John Stones beat the turf and amidst the pandemonium in the Croatian ranks, your senses could imagine his scream.
He did not deserve this, did not deserve to be blind-sided by Mario Mandzukic for the goal that sent England home, did not deserve the pain that will come with self-recrimination.
The moment encapsulated the torment this beautiful game can bring.
Will Stones, outstanding apart from that one lapse, remember Russia 2018 as the uplifting time when he, for the most part, majestically affirmed his claim to be a world-class defender? No.
Or for that bullet header and an unlikely second in a joyous romp against Panama? No.
Just as he pummelled the earth when Mandzukic showed why he is a world-class striker, he will pummel himself over these coming days, weeks, months even.
That is what proud, patriotic, professional footballers do. They can rest assured no-one else will.
Not his manager, not a public which has, at worst, reconnected with the national team.
They will see that England did not exactly blow this semi-final but let an opportunity slip.
Let it slip by not going into half-time two goals to the good, let it slip because Harry Kane missed a glorious chance to do just that (it would have gone to VAR and would have stood), let it slip because defensive lapses gave the scoreline the look Croatia’s technical superiority deserved.
But they do not deserve upbraiding. Not Stones, not anyone else.
Certainly not Kieran Trippier, chaired away from the pitch in searing pain before the game’s end.
It was another snapshot of the agony inevitable in these times, a picture of how highs become lows.
Less than a couple of hours previously, he had scored a goal in a World Cup semi-final.
Not just any old goal, a free-kick of beauty that a Ballon D’Or contender would boast about.
Less than a couple of hours previously, he had made himself a shoo-in for the Team of the Tournament at his first one and confirmed himself as one of global football’s best wing-backs.
As he left his team a man short, he could barely walk and the tears flowed.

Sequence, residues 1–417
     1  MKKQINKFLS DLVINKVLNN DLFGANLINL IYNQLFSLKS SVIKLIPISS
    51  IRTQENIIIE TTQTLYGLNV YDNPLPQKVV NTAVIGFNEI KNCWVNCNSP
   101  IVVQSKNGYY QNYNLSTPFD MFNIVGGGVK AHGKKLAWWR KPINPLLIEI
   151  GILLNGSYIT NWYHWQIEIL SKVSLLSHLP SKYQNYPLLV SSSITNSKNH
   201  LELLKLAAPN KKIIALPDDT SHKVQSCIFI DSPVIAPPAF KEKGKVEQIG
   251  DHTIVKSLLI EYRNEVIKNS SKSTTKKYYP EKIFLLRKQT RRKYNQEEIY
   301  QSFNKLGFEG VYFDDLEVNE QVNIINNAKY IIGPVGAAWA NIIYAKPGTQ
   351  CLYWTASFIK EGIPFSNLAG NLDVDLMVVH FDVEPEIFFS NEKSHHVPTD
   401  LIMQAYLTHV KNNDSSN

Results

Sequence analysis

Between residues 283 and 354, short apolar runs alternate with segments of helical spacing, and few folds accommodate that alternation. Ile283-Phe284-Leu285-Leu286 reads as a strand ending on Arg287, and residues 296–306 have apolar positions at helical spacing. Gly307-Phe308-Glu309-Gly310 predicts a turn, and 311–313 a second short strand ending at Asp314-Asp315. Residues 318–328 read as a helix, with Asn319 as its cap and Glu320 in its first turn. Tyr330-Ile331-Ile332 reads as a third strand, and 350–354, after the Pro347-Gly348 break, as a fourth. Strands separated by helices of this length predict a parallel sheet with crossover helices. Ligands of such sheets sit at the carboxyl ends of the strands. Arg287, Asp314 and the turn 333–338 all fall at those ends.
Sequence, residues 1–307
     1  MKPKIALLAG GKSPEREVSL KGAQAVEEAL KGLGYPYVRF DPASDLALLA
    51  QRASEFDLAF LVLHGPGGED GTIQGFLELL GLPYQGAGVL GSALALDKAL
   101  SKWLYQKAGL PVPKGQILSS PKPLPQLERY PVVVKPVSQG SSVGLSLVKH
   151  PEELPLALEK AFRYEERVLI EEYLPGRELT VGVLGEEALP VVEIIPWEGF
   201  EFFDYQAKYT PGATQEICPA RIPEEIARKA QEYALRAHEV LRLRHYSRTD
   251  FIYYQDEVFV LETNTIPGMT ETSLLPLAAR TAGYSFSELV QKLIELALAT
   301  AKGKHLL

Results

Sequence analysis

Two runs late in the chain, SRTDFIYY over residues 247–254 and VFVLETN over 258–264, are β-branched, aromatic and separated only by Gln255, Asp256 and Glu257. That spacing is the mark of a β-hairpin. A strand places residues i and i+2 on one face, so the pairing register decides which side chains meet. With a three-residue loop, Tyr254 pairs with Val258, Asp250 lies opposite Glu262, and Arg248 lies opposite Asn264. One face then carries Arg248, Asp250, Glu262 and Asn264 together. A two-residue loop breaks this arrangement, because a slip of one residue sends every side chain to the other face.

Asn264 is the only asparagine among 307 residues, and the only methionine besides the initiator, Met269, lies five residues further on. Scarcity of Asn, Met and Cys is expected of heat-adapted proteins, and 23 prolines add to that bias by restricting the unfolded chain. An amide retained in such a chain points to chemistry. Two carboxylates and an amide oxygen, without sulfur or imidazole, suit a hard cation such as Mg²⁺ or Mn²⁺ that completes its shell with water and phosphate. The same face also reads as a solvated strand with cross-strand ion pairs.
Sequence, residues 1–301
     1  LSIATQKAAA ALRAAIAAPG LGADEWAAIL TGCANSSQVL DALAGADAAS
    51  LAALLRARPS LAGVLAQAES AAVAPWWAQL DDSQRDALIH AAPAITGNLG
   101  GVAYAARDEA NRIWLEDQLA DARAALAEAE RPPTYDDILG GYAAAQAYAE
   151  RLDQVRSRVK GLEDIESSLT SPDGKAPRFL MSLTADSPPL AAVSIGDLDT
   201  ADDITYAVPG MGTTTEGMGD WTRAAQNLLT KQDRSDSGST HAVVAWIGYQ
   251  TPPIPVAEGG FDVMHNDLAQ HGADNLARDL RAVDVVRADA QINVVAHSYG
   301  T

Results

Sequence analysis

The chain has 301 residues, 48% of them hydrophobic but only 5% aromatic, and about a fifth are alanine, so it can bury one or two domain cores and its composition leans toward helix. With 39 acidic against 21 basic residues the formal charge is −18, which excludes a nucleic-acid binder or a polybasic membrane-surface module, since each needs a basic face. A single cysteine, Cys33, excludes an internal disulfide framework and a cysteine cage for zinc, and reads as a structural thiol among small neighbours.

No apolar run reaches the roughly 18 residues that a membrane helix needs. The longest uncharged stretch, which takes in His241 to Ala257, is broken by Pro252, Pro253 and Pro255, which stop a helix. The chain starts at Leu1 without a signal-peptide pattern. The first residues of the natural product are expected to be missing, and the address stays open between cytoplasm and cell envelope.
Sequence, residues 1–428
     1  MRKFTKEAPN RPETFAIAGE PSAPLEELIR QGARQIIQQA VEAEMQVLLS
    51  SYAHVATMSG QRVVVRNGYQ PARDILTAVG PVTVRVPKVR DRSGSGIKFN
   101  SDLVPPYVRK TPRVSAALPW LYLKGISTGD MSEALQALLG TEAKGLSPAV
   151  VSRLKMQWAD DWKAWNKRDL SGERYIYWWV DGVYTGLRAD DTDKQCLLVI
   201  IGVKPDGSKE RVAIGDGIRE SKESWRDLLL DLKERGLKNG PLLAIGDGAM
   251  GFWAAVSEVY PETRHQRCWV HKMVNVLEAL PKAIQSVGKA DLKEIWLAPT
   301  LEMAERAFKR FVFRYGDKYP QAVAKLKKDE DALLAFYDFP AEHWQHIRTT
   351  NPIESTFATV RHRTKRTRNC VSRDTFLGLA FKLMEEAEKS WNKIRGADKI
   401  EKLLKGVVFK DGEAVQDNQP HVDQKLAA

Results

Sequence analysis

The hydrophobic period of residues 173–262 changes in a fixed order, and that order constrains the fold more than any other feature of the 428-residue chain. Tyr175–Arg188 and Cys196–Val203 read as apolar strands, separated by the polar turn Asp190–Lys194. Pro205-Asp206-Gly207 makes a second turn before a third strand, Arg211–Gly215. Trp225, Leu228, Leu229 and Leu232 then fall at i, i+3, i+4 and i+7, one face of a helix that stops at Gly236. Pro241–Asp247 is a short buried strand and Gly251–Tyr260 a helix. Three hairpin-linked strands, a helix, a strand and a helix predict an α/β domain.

But he goes home a national hero. Not bad for a Bury lad.
They all go home national heroes but that does not mean this defeat should get immunity from critical observation.
And what this understandably nervy, indeed fraught, game confirmed is what Southgate had made his top-line message before the draw gave them such a navigable route to the semi-finals.
There is plenty of scope in this squad, plenty of improvement to be made, collectively and individually.
And what was brutally obvious in the Luzhniki Stadium, after Ivan Perisic had neutralised Trippier’s beauty, is that Southgate needs top-class alternatives to the handful of players he has come to rely on.
He needs quality competition for Jordan Henderson, who, after such a magnificent personal campaign, struggled to find anything but a Croatian shirt and touch with his passing.
He needs quality competition for Kane, who again looked leaden and missed an opportunity he would normally have dispatched with pea-shelling ease.
He needs quality competition for Raheem Sterling, who was at his most spectacularly frustrating.
That is not victimisation, by the way, that is fact.
But Sterling can look back at a decent tournament for him as an individual and an even better one as part of this group.
With the odd aging exception, it is a group that will move forward into a future that is promising, one that could be laden with possibilities if more young players can somehow flourish with their clubs.
England out of World Cup after Croatia defeat
It did not feel promising when the final whistle sounded on their World Cup.
It did not feel promising as Stones punched the grass in torment.
But it’s true. Don’t look back in anger, sang the travelling support. Quite.
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